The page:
Avoid Mineral Deficiency Naturally
Ain’t No Sunshine.
I am bringing up the subject of minerals today and inviting you to join me on another fascinating journey, as we explore why we need to care about our mineral intake, what happens when we don’t, and simple ways to make sure the bio electrical unit you inhabit has the correct type and amount of metals and minerals to keep your circuitry conductive, and your neurons merrily firing.
On the road to Somewhere, I have landed in Springfield Missouri. I will be here for another few months, then I’ll be traveling south. In the Autumn and winter months, in this particular region of the country there is great many days without sunshine. I mean, if you find yourself looking around a half deserted city street and wondering if you have accidentally taken up residence in a vampire colony, you might just be in Missouri. One friend of mine described this area in one word. “Gray.” I will extol the virtues, pro’s and con’s of Springfield on another post, but having come here from the unlimited sunshine of Florida, I began to feel weird, and strangely gray. I heard a few references regarding the popularity of people using vitamin D supplements, to make up for the lack of light, and I began to investigate.
Being me, and mostly vegetarian, I obviously don’t drink milk, which might be the second thing you would think of, after direct sunlight, so I started looking into sources for vitamin D, which led me to investigate the different forms of vitamin k, (which is hugely important, as it tells the calcium where to go) and ended up with a renewed respect and more current information on the mineral kingdom inside of me, it’s relationship to my vitamins, and what simply things I could do to make sure I did not join the legions of SADD camo wearing pale skins, shuffling through the isles of Home Depot and Wal Mart, looking for a happy thought. Or power tools and beer. Most likely, the latter.
Minerals: the top essentials
About 20 minerals have so far been identified as essential to human life.
Calcium, phosphorus, magnesium, potassium, sodium and chloride are required in amounts of more than 100mg a day.
The rest are known as trace minerals or elements, though some – iron, zinc, selenium, chromium, manganese, iodine and copper – are deemed more important than others, like silicon, molybdenum, and boron.
Sometimes you will see fluoride in that list. It has been a source of much controversy, and may have it’s uses, but it is most certainly not an essential mineral and I am obviously not a big fan of having it added to water sources.
So, sounds simple enough, right? You just eat an incredible variety of fruits, vegetables, Brazil nuts, ethically sourced fish, and related oils, some fermented cruciferous things, get plenty of sunshine, and maybe some pure butter, made only from consenting, grass fed pasture raised cows, lots of shitake mushrooms, and eat your Wheaties, sprinkled liberally with iodized table salt. Right?
Unfortunately, most people can’t create a perfectly balanced diet from available everyday sources. Even those of us who do care about such things, can’t be reasonably certain that any of those plants were grown in soil containing any of the required minerals at all. Soil has become increasingly depleted as it is over farmed, and supplementation has replaced the natural processes in a large percentage of the commercially available food sources. Many of the RDA’s set forth by the FDA date back as far as the 1920’s, and have never been officially questioned in any way.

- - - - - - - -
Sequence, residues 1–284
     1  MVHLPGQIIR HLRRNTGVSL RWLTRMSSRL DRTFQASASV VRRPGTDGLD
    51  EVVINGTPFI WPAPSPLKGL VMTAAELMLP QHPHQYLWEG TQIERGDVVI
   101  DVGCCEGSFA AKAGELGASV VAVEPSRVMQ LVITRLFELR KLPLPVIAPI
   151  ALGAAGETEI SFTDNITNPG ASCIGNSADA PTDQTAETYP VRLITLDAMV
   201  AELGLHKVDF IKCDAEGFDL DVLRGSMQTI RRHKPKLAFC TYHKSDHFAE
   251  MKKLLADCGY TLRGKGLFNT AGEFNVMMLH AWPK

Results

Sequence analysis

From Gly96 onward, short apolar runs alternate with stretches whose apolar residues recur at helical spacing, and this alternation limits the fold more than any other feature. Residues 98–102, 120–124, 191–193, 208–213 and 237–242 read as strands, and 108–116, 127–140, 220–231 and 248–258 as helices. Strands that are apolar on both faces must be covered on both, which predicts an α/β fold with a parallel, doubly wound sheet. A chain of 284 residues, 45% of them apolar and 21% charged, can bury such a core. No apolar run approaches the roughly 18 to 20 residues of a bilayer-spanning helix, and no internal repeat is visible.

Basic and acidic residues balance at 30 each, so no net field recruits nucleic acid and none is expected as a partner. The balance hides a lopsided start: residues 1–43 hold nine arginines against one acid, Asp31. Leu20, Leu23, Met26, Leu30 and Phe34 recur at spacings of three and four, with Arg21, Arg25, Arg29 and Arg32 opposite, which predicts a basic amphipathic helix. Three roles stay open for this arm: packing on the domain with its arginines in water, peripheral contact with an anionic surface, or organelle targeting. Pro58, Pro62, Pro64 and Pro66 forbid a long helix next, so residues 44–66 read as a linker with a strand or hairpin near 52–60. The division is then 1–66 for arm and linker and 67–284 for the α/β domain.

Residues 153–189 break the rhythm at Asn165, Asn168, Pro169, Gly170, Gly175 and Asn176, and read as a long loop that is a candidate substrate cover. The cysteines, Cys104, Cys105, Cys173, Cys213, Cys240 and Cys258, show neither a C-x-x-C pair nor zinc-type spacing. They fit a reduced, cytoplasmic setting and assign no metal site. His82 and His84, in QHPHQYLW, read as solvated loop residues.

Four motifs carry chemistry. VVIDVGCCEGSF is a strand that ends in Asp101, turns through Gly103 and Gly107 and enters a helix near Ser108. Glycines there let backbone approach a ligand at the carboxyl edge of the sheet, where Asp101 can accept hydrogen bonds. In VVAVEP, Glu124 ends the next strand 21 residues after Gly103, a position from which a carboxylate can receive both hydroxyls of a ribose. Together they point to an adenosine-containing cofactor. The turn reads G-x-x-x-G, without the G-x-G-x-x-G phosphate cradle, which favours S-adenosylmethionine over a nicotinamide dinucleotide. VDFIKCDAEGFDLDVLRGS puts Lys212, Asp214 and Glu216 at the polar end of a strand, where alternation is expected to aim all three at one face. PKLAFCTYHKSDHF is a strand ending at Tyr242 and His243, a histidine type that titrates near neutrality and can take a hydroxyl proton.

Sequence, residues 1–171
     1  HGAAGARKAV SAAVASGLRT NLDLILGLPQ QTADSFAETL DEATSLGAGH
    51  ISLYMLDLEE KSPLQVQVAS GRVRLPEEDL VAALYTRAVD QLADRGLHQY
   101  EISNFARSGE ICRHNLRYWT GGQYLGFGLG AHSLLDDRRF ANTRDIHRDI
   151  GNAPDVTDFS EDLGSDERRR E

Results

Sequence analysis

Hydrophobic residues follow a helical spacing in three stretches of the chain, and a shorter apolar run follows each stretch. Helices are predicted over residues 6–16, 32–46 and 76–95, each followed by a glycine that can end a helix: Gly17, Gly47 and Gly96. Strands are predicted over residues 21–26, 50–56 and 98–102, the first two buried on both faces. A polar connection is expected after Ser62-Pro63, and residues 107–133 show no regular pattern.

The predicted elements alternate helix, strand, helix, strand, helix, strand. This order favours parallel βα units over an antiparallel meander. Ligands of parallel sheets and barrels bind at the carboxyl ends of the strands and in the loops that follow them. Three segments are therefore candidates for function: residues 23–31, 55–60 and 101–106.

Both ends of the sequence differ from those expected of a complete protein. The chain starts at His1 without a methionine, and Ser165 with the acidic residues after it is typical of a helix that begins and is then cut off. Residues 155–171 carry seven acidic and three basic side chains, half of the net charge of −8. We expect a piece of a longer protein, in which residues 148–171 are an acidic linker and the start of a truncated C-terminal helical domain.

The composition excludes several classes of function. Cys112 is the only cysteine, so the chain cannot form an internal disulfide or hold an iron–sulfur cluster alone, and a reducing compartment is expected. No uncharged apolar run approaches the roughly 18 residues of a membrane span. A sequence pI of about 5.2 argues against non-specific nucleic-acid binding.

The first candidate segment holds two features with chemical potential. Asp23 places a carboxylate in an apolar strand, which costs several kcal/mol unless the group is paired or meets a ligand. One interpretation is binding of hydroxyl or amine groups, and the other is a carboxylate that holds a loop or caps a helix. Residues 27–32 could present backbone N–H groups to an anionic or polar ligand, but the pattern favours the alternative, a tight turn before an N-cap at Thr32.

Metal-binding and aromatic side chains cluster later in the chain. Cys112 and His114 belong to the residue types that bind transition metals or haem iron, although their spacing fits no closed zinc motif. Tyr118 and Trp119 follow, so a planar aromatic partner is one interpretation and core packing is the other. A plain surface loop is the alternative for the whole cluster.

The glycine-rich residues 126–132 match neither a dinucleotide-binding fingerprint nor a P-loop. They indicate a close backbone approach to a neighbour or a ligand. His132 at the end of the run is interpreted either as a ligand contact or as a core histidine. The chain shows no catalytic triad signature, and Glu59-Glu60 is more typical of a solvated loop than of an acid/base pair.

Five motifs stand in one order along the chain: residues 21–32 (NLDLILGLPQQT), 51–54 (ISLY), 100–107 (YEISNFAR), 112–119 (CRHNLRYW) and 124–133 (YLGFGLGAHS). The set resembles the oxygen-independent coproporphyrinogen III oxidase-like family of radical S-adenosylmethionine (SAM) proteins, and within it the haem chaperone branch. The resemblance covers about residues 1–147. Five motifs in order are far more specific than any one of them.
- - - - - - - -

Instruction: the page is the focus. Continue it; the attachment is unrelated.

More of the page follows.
“The first RDAs for protein, energy, and 8 vitamins and minerals were established in 1941 by the US National Research Council at the request of the National Defense Advisory Commission ” They were periodically updated.
A Precarious Balance
Essential minerals balance out the PH system, so blood and soft tissue do not become too acidic, or alkaline. They aid in transporting nutrients to the cells, regulate hormones, blood pressure, oxygen delivery, and the transmission of neurological signals to the brain, as well as the nervous system in general. The essential vitamins are co dependent on the essential minerals to do their jobs. The actions are inextricably related. For instance, calcium needs to be present to metabolize vitamin C, zinc for A, magnesium for B, selenium for A and D, ect. Your muscular-skeletal system is dependent on it, your brain is dependent on it.
In a perfect world, sunlight drenches the plants and oceans, the plants transform the minerals from the water and the soil into a form that is bio available to our systems, and we ingest them. The problems arise when the supplements and fortifications that are added to the food where these natural processes have been short shifted, are in the wrong form. This is how they have demonized certain minerals like copper, iodine and boron and explains how you can have heavy metal toxicity, and still be mineral deficient. We can’t eat pennies, or re bar, only plants can. We can only utilize a small percentage of minerals that may be offered in incorrect forms, the rest get stored in places they don’t belong, and may start a chain reaction of other issues that may be impossible to reverse engineer back to the root cause of the current distress. For instance, unregulated calcium, and fluorite without vitamin k or boron, will calcify your pineal gland, and other soft tissue, yet not always go to your teeth and bones, where it belongs.